Use the hammer to flatten a 1.5-inch-long section roughly 1 inch wide. This section should be at least 1/16-inch-thick or more when done, so keep an eye on the thickness as you flatten the material. Keep watch on the trueness as well by flipping the piece over from time to time.
Next, draw this proven arrowhead shape onto the flattened piece.
Now, use the file to shape and sharpen, as shown in the photos below:
Before snapping the broadhead off the rod or spike, leave it on there for ease of handling while using the file to put a sharp edge on it. Hold the file at approximately a 25 degree angle, moving it with even pressure in one direction to carefully sharpen one side. Then flip it over and do the same thing to the opposite edge of the arrowhead. This is called a single bevel. Single bevel is the quickest edge to maintain and most effective at harvesting large game with less than ideal steel. Once you have the edge producing a bur on the backside, you are there!
You can use a strop, such as piece of cardboard or leather, to remove the bur but honestly, if you did the job correctly up til this point, it’s sharp enough to get the job done. I have successfully hunted with a bur left on 9 out of 10 times.
Step 3 Adding the Improvised Arrowhead to an Arrow Shaft or Crossbow Bolt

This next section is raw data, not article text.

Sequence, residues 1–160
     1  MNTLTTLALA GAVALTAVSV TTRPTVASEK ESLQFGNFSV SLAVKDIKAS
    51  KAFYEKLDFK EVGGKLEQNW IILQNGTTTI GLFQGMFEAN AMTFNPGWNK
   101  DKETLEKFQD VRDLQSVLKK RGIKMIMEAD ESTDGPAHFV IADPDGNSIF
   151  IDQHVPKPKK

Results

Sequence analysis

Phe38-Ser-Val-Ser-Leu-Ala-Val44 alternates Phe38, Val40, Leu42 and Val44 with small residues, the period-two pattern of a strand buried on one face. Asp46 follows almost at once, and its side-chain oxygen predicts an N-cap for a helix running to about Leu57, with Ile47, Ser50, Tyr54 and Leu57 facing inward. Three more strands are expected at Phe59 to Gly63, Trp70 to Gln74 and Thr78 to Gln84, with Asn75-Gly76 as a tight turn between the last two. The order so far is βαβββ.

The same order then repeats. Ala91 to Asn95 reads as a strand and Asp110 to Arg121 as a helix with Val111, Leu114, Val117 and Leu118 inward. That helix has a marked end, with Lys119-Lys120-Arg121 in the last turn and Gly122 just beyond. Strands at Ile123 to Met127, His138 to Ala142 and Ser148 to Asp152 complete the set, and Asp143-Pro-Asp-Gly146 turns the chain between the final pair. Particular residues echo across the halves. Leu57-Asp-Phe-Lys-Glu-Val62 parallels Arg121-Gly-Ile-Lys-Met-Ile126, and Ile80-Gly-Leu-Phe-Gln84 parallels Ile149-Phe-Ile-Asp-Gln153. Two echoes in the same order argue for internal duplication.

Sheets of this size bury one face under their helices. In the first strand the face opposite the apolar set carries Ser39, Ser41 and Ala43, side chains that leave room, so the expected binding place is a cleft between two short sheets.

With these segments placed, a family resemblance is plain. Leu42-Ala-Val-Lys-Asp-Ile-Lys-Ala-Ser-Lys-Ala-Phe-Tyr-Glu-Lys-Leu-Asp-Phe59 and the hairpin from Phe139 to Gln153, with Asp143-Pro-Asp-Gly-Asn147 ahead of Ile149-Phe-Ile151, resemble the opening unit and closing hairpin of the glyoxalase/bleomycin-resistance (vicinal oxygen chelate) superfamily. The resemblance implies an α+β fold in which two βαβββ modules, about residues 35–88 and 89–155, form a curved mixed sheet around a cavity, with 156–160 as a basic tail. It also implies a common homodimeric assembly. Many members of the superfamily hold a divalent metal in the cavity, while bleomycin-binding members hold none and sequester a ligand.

Now, all you need to do is break it off somehow. You can use a set of pliers to wiggle it back and forth until it breaks free or use a cold chisel to pop it off in a couple whacks!
Now, if you’re using natural shafts for the arrows, the detailed process goes like this:
Cut or file a notch in the end of the shaft that is exact width of the improvised arrowhead. Then, using glue like hot melt, pitch, or something strong, apply it and force the arrowhead down into notch. Then, finish it off with either chewed animal sinew binding or string/thread soaked in glue.
And that’s it, you’re all set in just a few minutes of work. Easy to do and replicate. Not a lot of skill or time required. Make some more while you’re at it, practice makes perfect!
Now, with your newfound skill set, go out and create more improvised arrowheads from found items such as folded up cans, kitchen utensils, keys and even pocket change!
Shoot me an email at [email protected] if you need the downloadable template for the Best Broadhead!
The next task to tackle is making a bow and a bowstring from your surroundings to complete the package and skill set needed to survive with what’s around you. Lucky for you I have a course that teaches just that! You should join me there! Here’s the link: https://www.outdoorcore.com/courses/survival-bow. Until then be creative, stay positive, and always be ready.
source : Dave Meade